The president lay dead, assassinated in his limousine as the procession was making its way through the streets of Dallas. When the first chaotic reports swept through the nation, people were stunned, yet driven to action. Even across the sea, when news of the murder arrived, swarms of people took subways or buses, taxis or cars, to American embassies to pay their respects. More than a thousand gathered at the embassy in London just minutes after the news reached them that Friday night, November 22, 1963. In West Berlin, Mayor Willy Brandt called on his fellow citizens to place lighted...

  8. 5 The Ritual Construction of Political Reality
    (pp. 77-101)

    It was a day Ronald Reagan had been dreading, even though it was a rite he felt bound to endure. Walking beside Chancellor Kohl amidst the German military graves of the Bitburg cemetery, he looked stiff and uncomfortable, in awkward contrast to his usual ease. While Kohl brushed aside tears, Reagan looked straight ahead, careful not to glance down at the graves lest he spy the SS symbols sprinkled across the cemetery lawn. In spite of the West Germanʹs desire to clasp hands over the graves of the war dead, the Presidentʹs arms remained resolutely at his side. Earlier in...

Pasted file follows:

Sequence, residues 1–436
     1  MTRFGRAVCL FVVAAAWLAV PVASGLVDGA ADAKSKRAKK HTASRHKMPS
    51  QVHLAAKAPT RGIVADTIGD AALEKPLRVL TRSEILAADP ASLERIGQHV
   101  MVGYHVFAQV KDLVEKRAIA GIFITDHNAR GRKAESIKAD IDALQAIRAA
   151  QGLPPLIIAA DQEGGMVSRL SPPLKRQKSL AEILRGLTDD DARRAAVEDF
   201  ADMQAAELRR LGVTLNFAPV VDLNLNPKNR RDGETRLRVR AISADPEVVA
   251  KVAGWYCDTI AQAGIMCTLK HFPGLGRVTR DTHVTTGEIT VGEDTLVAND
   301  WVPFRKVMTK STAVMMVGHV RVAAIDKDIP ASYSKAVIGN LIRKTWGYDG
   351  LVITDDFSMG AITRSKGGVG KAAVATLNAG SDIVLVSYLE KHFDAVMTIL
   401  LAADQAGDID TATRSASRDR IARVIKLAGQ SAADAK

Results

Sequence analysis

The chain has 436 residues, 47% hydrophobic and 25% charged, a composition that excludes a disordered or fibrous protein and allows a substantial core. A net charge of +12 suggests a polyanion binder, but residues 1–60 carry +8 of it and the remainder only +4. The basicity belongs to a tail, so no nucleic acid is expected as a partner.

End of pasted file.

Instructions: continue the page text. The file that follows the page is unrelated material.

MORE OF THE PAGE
9. 6 Rite Makes Might: Struggling for Power through Ritual
    (pp. 102-124)

    On April 15, 1967, they took over the streets of Manhattan, the largest peace demonstration in decades. A hundred thousand (some said over a quarter million) strong, the festive crowd massed at Central Park, having poured into the city by the busload from cities, suburbs, and campuses near and far. At the front of the march strode Martin Luther King, Benjamin Spock, Harry Belafonte, and a variety of other civil rights and religious leaders, arms linked. For four hours marchers would spew out of the park in a continuous mass, making their way past cheering and jeering bystanders to United...

  10. 7 Conflict and Crisis
    (pp. 125-150)